Rhythm and blues, often abbreviated as R&B, is a genre of popular music that originated in the 1940s. The term was originally used by record companies to describe recordings marketed predominantly to urban African Americans, at a time when "urbane, rocking, jazz based music with a heavy, insistent beat" was becoming more popular. In the commercial rhythm and blues music typical of the 1950s through the 1970s, the bands usually consisted of piano, one or two guitars, bass, drums, one or more saxophones, and sometimes background vocalists. R&B lyrical themes often encapsulate the African-American experience of pain and the quest for freedom and joy, as well as triumphs and failures in terms of relationships, economics, aspirations, and sex. The term "rhythm and blues" has undergone a number of shifts in meaning
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Baccarat (card Game)
Baccarat or baccara (/ˈbækəræt, bɑːkəˈrɑː/; French: [bakaʁa]) is a card game played at casinos. There are three popular variants of the game: punto banco (or "North American baccarat"), baccarat chemin de fer (or "chemmy"), and baccarat banque (or à deux tableaux). In Punto banco, each player's moves are forced by the cards the player is dealt. In baccarat chemin de fer and baccarat banque, by contrast, both players can make choices. The winning odds are in favour of the bank, with a house edge no lower than around 1 percent. Baccarat is a comparing card game played between two hands, the "player" and the "banker"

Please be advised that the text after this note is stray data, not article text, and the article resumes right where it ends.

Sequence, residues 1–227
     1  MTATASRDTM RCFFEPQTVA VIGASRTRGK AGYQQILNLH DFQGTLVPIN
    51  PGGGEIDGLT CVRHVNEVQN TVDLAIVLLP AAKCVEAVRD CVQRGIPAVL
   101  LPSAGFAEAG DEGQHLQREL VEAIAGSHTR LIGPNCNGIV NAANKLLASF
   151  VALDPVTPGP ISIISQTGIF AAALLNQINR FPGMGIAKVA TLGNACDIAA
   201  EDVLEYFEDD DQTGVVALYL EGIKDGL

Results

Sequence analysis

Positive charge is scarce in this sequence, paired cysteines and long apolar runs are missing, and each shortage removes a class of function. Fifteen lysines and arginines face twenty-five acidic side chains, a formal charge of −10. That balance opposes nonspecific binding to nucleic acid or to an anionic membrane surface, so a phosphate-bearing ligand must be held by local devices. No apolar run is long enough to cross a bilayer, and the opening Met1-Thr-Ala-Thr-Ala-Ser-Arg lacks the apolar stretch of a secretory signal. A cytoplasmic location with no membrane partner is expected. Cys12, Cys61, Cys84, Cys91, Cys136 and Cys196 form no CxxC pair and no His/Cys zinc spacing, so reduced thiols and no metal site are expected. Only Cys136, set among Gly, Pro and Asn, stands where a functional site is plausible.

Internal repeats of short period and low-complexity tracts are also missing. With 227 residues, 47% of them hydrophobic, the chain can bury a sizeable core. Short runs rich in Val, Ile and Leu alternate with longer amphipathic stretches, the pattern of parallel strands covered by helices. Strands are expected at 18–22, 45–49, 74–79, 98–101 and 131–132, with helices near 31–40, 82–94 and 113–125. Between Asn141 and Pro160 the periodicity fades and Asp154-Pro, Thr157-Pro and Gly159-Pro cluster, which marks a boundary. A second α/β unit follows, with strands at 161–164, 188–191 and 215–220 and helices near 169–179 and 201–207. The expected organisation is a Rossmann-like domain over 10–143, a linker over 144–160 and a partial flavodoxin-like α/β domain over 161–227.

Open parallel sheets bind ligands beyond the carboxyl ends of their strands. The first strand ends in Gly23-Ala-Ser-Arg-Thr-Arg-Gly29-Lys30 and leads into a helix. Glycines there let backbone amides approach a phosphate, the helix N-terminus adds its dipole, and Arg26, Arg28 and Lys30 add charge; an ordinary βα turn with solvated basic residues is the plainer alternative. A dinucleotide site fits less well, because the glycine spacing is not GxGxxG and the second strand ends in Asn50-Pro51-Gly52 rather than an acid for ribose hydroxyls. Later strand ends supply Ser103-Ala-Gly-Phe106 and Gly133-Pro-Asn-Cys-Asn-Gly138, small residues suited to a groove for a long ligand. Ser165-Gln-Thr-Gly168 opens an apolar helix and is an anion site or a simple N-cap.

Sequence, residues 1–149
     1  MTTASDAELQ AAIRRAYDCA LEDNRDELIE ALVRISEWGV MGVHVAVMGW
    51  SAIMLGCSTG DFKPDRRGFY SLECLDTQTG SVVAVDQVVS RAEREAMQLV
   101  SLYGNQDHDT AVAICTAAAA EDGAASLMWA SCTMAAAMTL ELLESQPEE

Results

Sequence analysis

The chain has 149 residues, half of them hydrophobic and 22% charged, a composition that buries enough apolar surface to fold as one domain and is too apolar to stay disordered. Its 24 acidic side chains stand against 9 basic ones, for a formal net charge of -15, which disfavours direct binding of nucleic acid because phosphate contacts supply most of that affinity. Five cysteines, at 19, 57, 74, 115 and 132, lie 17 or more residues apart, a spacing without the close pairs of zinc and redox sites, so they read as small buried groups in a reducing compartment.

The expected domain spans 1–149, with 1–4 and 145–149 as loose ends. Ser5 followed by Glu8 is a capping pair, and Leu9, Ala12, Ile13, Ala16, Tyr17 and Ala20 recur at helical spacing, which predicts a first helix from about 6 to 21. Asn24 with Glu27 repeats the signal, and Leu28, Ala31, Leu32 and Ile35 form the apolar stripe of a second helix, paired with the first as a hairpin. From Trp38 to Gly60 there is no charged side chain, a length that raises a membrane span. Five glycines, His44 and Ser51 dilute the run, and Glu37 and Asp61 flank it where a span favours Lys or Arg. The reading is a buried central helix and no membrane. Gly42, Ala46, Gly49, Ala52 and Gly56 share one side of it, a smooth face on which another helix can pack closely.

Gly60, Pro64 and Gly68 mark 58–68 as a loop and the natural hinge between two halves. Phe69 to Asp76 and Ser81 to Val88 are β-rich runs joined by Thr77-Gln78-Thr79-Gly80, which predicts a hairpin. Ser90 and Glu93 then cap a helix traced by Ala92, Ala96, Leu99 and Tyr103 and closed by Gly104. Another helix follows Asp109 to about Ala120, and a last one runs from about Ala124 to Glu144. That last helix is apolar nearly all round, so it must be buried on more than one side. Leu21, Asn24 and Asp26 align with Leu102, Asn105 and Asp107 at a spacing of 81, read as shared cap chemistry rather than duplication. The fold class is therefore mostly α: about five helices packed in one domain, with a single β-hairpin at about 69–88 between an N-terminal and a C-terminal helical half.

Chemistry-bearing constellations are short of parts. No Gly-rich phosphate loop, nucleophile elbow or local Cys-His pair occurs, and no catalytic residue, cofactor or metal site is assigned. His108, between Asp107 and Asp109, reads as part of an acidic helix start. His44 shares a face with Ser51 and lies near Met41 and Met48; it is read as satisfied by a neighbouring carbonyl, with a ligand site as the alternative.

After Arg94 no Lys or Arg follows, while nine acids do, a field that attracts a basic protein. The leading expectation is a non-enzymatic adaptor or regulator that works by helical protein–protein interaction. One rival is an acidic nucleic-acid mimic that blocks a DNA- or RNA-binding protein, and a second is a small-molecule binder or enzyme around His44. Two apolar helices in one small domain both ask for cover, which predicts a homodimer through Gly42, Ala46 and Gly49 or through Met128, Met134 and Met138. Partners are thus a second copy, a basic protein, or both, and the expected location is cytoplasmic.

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Georgia Music Hall Of Fame
Georgia generally refers to:

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Rock And Roll Hall Of Fame
The Rock and Roll Hall of Fame, located on the shore of Lake Erie in downtown Cleveland, Ohio, recognizes and archives the history of the best-known and most influential artists, producers, engineers, and other notable figures who have had some major influence on the development of rock and roll. The Rock and Roll Hall of Fame Foundation was established on April 20, 1983, by Atlantic Records founder and chairman Ahmet Ertegun